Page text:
For peers to resist the government's Brexit plans, they must have democratic legitimacy
Image: UK Parliament
There have always been good reasons for reforming the House of Lords, but there has never been the urgency that Brexit has brought about.
Our democracy is going through a crisis that could result in our losing a whole set of social and environmental protections in a right-wing cull of decisions by executive dictate. An effective second chamber is essential, but it has to have more legitimacy if it going to stand up against ministers determined to bypass Parliament with secondary legislation and hasty trade deals.
Today’s second reading of my House of Lords reform bill is an opportunity for peers, rather than MPs, to take the lead in making the change happen. My bill would use proportional representation to elect a new house, but keep many existing peers as non-voting experts. This is the first time such a mix of proposals has come from within the Lords.
There are three dangers down the road with Brexit. One is that the Government simply leaves a lot of European law out of the Great Repeal Bill.
Another is that much of the detail is put in secondary legislation, which gets less scrutiny and is extremely difficult to amend and vote down. In both cases they’d hope nobody notices, or that any opposition would be swamped by the focus around other issues like single market access.
A third is that the Government gives itself so-called Henry the Eighth powers to unilaterally repeal or amend these laws after the act passes, opening the door to a bonfire of environmental and social protections.
I campaigned to leave the EU because I always believed that devolved decision making and a more direct democracy are essential steps in taking back control from the multinationals and distant bureaucrats. These are principles I shared with many on the left, such as Tony Benn and Bob Crow, but I have been at odds with the official Green Party belief that striving for a reformed EU is the best way of securing essentials like freedom of movement and workers’ rights.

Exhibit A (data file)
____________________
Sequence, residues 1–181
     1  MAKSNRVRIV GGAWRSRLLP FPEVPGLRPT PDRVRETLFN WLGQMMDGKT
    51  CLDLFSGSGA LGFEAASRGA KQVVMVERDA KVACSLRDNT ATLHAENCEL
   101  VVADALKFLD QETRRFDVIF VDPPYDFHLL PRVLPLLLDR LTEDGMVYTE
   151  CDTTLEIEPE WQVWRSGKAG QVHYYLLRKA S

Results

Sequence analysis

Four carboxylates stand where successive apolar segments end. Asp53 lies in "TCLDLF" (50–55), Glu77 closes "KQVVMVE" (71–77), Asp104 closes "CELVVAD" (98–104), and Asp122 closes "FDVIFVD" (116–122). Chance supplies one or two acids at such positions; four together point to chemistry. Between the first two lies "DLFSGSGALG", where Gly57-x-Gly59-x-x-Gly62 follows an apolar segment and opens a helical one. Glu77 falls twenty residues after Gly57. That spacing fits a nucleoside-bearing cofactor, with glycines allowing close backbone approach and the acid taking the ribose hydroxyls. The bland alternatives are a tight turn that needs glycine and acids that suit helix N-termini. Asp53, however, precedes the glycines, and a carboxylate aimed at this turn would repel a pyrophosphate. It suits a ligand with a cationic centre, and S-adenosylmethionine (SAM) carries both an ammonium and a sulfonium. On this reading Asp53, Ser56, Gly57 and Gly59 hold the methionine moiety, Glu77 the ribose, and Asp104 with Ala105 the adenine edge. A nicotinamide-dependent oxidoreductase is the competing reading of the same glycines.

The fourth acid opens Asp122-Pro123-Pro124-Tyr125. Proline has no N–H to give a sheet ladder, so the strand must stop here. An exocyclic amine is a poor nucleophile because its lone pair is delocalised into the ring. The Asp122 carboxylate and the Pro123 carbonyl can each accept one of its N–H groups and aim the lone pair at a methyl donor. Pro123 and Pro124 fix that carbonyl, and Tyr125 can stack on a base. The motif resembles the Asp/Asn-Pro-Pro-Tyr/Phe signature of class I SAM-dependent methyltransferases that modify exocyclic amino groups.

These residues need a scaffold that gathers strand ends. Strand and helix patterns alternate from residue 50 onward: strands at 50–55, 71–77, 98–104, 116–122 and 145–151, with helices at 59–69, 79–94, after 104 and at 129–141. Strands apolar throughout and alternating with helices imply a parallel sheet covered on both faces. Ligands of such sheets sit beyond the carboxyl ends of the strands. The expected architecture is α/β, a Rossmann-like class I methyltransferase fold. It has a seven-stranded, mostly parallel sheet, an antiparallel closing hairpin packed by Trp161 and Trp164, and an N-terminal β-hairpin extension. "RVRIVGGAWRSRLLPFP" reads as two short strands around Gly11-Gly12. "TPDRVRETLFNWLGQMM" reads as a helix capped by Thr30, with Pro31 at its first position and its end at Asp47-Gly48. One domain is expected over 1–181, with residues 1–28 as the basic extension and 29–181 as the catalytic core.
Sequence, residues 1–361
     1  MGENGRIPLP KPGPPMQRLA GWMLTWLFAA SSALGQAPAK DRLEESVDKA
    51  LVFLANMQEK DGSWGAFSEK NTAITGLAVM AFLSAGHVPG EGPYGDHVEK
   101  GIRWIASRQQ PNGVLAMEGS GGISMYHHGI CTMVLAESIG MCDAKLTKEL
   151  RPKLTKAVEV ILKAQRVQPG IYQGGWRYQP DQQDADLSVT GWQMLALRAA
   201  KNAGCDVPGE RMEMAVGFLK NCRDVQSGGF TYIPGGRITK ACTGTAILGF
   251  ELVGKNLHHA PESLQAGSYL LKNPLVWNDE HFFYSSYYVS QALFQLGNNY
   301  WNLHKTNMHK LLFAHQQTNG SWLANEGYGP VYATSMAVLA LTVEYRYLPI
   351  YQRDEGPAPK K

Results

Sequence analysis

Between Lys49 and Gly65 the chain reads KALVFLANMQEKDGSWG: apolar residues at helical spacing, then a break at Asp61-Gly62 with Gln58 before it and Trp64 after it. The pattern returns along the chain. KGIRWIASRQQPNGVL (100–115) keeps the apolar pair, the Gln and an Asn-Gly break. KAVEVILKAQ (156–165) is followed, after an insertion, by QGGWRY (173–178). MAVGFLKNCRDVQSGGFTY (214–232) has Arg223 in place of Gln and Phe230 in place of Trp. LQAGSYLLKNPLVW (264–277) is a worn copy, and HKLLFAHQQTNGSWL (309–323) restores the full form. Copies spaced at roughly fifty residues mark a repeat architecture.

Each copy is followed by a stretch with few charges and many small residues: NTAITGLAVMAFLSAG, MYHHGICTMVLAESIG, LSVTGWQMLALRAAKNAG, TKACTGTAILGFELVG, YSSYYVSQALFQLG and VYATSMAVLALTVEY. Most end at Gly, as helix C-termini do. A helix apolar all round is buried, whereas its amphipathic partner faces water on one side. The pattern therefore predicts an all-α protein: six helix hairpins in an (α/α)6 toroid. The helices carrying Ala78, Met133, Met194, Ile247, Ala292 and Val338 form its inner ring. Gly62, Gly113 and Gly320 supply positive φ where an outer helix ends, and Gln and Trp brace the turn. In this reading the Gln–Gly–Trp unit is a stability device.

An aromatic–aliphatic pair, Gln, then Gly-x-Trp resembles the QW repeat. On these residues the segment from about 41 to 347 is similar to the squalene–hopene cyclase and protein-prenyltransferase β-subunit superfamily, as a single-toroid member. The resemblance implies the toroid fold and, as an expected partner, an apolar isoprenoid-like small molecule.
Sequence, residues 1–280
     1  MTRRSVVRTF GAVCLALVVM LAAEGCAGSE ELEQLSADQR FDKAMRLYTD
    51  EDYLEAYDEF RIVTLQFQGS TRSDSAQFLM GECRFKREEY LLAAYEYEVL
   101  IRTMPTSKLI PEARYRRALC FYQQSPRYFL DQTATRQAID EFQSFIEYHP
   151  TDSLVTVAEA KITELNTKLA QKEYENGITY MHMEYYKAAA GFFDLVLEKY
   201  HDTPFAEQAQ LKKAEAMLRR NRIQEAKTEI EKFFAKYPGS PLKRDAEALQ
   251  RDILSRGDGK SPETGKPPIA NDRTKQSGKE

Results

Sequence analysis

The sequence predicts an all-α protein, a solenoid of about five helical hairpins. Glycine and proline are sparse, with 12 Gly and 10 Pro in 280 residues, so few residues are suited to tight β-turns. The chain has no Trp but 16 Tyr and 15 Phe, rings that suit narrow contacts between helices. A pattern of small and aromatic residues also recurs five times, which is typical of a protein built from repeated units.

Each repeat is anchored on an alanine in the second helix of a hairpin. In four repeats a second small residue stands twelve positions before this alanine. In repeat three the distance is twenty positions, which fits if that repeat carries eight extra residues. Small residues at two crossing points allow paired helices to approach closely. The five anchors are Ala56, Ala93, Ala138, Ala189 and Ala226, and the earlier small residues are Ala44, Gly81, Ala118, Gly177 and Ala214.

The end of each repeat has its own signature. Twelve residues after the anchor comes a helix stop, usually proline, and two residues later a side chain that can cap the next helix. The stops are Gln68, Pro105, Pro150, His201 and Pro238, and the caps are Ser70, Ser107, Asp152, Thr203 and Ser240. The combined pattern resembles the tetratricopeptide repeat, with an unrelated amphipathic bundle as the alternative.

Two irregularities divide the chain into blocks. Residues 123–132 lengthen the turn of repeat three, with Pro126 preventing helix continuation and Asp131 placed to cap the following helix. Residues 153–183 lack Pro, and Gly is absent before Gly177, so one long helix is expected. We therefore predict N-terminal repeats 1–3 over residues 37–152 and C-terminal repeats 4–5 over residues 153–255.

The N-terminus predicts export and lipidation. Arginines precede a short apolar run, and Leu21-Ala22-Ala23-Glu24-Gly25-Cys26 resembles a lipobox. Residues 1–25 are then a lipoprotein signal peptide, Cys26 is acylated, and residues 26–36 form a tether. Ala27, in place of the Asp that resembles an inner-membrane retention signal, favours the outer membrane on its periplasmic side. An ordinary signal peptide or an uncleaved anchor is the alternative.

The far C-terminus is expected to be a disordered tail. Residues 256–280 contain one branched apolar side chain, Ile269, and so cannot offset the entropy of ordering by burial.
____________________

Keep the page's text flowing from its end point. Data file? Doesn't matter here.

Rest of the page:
The way this government is lining up to sneak through its ideological agenda under the cover of the referendum result is reinforcing the view of many remainers that they need to fight harder to retain the securities and safeguards of the Brussels rulebook.
The nature of the beast of democracy is that you are often on the losing side and things are done that you don’t agree with. We can all live with that. But what the government is threatening to do is to take executive powers that allow no debate and little discussion, while they destroy pollution controls, environmental safeguards and workplace safeguards.
The Great Repeal Bill will just be the start, as secondary legislation and Ministerial misjudgements are hurried through. Next will come all the detailed giveaways in the trade negotiations with the likes of Trump. We know from our experience with TTIP that these external treaties have significant internal impacts. Modern trade deals need as much parliamentary scrutiny as any legislation.
I don’t under-estimate the practical problems with parliament dealing with the sheer volume of secondary legislation and trade negotiations, which is why we need a functioning second chamber that has real legitimacy.
If the government does grab the Henry the Eighth powers, an unelected and unreformed second chamber will lack the legitimacy to face them down. We urgently need a democratic revolution that will bring in PR and a system where every vote counts.
The second reading of my Bill to reform the house of Lords from within, will give peers the chance to save our democratic system from the Government’s attempt at a power grab.
Jenny Jones is a Green Party peer and a former London Assembly Member
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